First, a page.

jQuery: image resizing and containing

I'm currently restyling my main website which is full of wide screenshots and images that usually are larger than 600-700 pixels (or even more). Since my new template uses a central column whose width is set in percentages, it's a little bit hard to predict in advance if those images will actually overflow the overall width of their container.

A CSS solution is to add a class to each image that is larger than the aforementioned column, like so:

img.wide {
    width: 100%;
    display: block;

This solution works fine only when the intrinsic width of the image is equal to or greater than the width of its container. But since I'm using percentages, things get more complicated. So I decided to use jQuery:

function setImageWidth() {

    if($('img').size()) {
        $('img').not('a img').each(function() {
     var $img = $(this);
     var parentWidth = $img.parent().width();
     var imgWidth = $img.width();
     if(imgWidth >= parentWidth) {
    } else {


The tricky part here concerns images inside hyperlinks. jQuery usually calculates the width of an element depending on whether if it's a block or inline element. For example, if you have a structure like this:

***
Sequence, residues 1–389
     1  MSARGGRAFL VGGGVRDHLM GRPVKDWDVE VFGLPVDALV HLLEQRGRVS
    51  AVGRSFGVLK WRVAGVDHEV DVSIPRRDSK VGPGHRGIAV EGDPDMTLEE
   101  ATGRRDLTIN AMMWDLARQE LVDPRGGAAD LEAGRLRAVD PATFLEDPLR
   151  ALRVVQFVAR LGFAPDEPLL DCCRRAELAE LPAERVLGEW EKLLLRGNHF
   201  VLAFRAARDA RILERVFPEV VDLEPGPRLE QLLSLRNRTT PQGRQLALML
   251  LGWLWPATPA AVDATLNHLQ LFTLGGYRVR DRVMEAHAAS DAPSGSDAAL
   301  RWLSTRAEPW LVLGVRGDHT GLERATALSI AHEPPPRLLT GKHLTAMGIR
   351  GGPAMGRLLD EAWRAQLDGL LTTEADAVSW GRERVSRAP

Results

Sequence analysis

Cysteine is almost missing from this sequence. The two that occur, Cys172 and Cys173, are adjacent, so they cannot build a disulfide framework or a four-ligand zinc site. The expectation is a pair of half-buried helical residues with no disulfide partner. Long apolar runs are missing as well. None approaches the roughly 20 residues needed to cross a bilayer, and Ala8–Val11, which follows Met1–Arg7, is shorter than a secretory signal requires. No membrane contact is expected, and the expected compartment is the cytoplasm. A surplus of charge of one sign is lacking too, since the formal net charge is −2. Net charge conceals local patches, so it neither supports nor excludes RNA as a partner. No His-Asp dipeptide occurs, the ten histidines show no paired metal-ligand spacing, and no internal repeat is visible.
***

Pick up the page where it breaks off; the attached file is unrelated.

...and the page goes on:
and the image is just a little small inline graphic (e.g. a '>' sign), then you will see the image just as big as the div element, because this ancestor is a block-level element. To use the above function, you should make sure that the link/parent that contains the image is actually a block-level element by checking if its display property is set to block. Otherwise, you can use this function as it is.

This entry was posted in by Gabriele Romanato. Bookmark the permalink.

Leave a Reply

Note: Only a member of this blog may post a comment.